I was initially dismayed to hear about the widespread opposition to the ‘strengthening’ of the HPA. This includes the American Morgan Horse Association, which in the articles I have found issued a statement of blanket opposition. I can only hope that the actual letter was more nuanced (does anybody have a copy?). I do have some faith in the AMHA, and I thought I should read the proposed changes before making a judgement. I dug up the proposed changes with some trepidation. Within the last decade, the AMHA has severely relaxed their shoeing rules.* But, they have also made strides in enforcing their own rules (which are generally much stricter than the HPA) at shows.
I can see many good reasons why the AMHA would oppose these changes. I still hope they do (or already have) lay out plainly why they oppose these regulations, because that is important for coming up with better alternatives. But here are some of the issues I see:
First is the call for “Horse Protection Inspector (HPIs)” to inspect horses. For the AMHA, and even the ASHA (Saddlebred), these inspectors would mean an additional cost for a redundant office. Rated shows already have inspectors for USEF, which again has stricter regulations than the HPA. Tennessee Walking Horse shows are not regulated by USEF, which is why these outside inspectors have been deemed necessary. Currently the HPA specifies Walkers, Racking Horses, “and related breeds” as being required to give notice 30 days before the show, and supply records to APHIS within 72 hours. Who is considered a related breed? I expect there is also some concern as to the availability of these HPIs, considering other staff shortages within the USDA. This concern would be heightened by the proposal that these inspectors be required at all “Tennessee Walking Horse, Racking Horse, or related breed class or event at any horse show or exhibition” of any size. In effect, any show of any size, rated or not, that wanted to have saddleseat classes could be required to have two licensed inspectors on site. This is regardless of whether or not they had other inspectors, because HPIs must be “outside the industry.” This is despite that fact that the proposed changes also state that only vets or vet techs can serve as HPIs- and vets are, assuredly, part of the industry.
Shippers (including commercial) would be required to have the address of the horse’s regular farrier. While I appreciate the desire to be able to be able to penalize farriers who perform illegal shoeings, most farriers don’t have a business address. You are asking them to make their home address public. And, not every horse that is being moved may have a regular shoer. What if they’ve been recently sold (the provision includes auctions)? These are minor issues, but it would be just as easy to require the information of the owner in the case that a horse be found in violation of the HPA.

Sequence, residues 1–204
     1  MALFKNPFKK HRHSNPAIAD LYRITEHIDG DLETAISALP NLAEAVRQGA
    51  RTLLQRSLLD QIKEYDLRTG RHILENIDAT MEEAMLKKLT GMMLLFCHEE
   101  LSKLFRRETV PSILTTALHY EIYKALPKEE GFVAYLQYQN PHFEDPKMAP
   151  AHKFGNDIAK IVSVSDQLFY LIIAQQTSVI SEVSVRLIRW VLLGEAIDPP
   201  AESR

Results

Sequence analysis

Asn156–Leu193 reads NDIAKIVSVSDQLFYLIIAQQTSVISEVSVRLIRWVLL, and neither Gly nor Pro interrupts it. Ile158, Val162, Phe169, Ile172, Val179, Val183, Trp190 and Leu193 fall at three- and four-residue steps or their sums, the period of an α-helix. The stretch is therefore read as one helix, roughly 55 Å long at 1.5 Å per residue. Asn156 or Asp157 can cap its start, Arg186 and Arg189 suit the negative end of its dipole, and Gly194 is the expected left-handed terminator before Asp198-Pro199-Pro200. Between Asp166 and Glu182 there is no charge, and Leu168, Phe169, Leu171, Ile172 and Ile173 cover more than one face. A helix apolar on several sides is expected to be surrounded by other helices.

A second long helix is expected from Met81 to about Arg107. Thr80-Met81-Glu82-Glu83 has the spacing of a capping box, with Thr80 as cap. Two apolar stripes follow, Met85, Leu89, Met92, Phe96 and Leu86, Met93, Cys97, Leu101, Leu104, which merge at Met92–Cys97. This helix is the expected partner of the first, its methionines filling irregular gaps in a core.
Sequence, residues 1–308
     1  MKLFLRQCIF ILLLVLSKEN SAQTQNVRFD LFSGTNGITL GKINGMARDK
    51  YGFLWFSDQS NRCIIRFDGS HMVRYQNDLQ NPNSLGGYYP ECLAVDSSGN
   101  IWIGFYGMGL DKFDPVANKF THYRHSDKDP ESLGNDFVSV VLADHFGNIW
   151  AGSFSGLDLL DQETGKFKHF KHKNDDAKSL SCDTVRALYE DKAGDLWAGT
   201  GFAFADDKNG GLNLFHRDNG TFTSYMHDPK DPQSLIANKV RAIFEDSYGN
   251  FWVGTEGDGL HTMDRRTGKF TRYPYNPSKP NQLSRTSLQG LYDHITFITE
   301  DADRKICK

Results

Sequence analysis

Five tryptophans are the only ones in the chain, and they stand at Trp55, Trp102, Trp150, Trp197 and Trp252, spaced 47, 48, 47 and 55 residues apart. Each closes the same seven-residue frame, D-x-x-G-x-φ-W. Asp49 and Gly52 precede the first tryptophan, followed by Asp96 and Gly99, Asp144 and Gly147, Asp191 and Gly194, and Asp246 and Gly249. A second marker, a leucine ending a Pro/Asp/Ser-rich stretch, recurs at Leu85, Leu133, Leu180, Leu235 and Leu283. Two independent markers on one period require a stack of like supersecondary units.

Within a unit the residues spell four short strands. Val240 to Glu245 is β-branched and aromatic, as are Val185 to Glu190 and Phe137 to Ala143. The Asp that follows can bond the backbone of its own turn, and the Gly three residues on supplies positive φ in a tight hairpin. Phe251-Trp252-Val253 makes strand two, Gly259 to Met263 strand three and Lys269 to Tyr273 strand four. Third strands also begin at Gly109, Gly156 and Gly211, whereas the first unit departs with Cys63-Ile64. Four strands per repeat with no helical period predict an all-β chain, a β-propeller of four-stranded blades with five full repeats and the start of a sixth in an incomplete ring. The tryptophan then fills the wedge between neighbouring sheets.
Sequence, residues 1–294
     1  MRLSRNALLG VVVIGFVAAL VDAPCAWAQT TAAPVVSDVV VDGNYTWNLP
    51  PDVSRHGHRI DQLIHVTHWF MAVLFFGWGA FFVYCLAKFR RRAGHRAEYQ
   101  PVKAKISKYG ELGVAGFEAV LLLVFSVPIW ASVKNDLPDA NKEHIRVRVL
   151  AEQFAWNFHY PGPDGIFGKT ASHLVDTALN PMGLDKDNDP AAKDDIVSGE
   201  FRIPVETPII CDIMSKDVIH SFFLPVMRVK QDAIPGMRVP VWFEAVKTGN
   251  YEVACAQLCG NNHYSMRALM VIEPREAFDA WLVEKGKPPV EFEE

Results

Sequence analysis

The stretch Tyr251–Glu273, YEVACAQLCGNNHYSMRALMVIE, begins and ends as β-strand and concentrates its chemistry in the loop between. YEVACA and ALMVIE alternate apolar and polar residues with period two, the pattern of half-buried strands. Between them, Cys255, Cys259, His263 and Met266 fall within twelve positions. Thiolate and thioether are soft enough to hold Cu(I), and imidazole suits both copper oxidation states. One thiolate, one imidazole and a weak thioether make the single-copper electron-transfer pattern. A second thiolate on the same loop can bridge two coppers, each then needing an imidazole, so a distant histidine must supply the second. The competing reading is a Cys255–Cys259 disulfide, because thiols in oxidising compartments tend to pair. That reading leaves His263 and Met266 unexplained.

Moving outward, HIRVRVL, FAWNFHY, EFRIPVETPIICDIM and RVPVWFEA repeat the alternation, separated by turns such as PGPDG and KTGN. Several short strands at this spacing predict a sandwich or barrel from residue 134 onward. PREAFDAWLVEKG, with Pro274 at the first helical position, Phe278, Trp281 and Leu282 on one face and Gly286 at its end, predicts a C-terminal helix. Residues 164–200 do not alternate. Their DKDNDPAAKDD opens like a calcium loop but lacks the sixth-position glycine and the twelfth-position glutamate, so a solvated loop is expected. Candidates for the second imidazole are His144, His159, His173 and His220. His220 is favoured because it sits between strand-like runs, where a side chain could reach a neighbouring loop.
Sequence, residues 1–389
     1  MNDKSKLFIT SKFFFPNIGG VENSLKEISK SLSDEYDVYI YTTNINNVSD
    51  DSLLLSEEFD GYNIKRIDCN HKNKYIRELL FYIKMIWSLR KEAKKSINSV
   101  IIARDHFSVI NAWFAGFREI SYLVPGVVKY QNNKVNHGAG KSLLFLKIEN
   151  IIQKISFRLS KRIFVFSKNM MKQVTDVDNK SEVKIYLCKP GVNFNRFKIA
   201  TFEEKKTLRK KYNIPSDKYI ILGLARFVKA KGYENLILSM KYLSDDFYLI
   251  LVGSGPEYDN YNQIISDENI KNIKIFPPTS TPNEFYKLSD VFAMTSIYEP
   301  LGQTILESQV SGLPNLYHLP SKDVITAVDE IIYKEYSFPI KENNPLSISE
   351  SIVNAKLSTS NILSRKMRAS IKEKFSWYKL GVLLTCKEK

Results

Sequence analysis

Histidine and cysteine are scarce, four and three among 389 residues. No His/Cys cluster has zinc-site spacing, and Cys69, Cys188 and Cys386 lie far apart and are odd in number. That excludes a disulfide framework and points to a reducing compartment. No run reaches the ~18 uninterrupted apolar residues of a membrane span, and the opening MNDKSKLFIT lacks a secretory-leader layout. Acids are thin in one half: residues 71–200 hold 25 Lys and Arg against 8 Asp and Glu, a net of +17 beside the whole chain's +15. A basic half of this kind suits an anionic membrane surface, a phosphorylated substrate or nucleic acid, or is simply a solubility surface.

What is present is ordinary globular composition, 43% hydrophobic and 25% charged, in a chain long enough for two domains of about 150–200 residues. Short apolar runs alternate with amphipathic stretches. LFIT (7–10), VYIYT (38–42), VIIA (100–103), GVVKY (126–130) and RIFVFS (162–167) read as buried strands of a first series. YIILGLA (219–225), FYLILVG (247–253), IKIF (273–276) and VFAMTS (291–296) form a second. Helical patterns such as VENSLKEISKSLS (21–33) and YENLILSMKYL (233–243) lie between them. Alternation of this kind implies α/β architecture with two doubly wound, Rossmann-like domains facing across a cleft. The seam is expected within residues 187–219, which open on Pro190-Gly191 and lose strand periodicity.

The use throughout of the phrase “or can reasonably be expected.” This grey area is, I think, meant to allow conscientious trainers some leeway, but it is in fact the root of how the previous inspection setup could fail. Inspectors didn’t need to lie to allow soreing to continue, because the inspections had a large element of subjectivity.
The prohibition of pads (while still listing allowed hoof packing materials). I’ve had more than one horse who needed a pad or pads to remain sound, either to support a congenital abnormality (such as club foot) or protect a sensitive sole (not many Morgans for this, but I’m sure many Arabs).
In all, the HPA is long, contradictory (prohibits all action devices in one area, but only those that might cause irritation in another, etc.), and puts a great deal of pressure on trainers and exhibitors who already follow stricter regulations while leaving loopholes that allow for abuse.
There is no simple solution. I do think many breeds would benefit from being brought under USEF, though I understand the resistance to the cost involved. The prior iteration of the HPA lead to splintering of Walking Horse groups, as some folks took a stand and others tried to find ways around regulations. I’m not sure these proposed changes would be any more successful. I also think that education is a stronger, and more lasting, force than regulation.
*I was discussing this with another exhibitor. I find the long feet and weighted shoes being allowed in hunter and western classes now to be problematic. But, AMHA has not changed the maximum hoof length or weight in total, but rather allowed their maximums in more divisions. As the other exhibitor pointed out, the same horses are just now allowed to cross enter. As I am a fan of Morgans “doing it all,” I can’t be upset with horses crossing divisions. With turnbuckles and stacks already illegal, as well as action devices on show grounds, the rule changes of the last decade don’t significantly impact the horse. I do choose to support shows that pick judges who more strictly adhere to the criteria of each division, rather than picking the ‘flashiest’ horse regardless of the class. This, to me, also includes penalizing park horses who are out of control or have the lopsided, jerky action associated with shortcuts.
UPDATE: It looks like AMHAs official statement was sent via email (that’s what I get for letting my membership lapse). Their main issues with the amendments seem to be the APHIS inspectors and the banning of all pads.
UPDATE Jan 13, 2017: A much-modified (and, I believe, improved) version has passed.